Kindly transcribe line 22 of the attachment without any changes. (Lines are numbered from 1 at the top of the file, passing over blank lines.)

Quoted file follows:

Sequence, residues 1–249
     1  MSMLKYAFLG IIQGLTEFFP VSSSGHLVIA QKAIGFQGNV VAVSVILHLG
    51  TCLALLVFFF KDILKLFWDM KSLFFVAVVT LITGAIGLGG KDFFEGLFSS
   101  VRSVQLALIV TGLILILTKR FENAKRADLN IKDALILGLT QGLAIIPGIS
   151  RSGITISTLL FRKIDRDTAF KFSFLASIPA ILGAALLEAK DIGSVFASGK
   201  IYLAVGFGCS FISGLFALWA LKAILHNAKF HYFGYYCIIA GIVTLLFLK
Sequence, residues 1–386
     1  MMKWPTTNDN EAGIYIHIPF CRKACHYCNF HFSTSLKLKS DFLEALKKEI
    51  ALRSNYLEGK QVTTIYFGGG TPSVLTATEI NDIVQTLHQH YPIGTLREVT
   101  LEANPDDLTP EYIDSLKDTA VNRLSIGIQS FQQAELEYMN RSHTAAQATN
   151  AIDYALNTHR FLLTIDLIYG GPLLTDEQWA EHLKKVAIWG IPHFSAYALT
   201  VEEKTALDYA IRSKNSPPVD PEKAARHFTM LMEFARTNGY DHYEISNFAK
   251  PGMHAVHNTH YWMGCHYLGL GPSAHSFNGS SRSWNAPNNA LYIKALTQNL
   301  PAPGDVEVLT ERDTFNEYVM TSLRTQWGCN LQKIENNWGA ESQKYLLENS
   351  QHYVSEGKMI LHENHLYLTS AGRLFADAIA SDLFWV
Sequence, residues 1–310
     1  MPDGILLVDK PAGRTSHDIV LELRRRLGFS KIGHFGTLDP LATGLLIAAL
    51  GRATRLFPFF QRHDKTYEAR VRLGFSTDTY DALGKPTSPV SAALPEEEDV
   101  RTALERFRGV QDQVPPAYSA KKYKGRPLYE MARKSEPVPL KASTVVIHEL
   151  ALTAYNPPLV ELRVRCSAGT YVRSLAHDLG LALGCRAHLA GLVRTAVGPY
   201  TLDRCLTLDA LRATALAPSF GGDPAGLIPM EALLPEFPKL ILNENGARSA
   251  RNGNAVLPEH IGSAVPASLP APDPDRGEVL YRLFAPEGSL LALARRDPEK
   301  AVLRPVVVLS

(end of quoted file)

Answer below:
   251  RNGNAVLPEH IGSAVPASLP APDPDRGEVL YRLFAPEGSL LALARRDPEK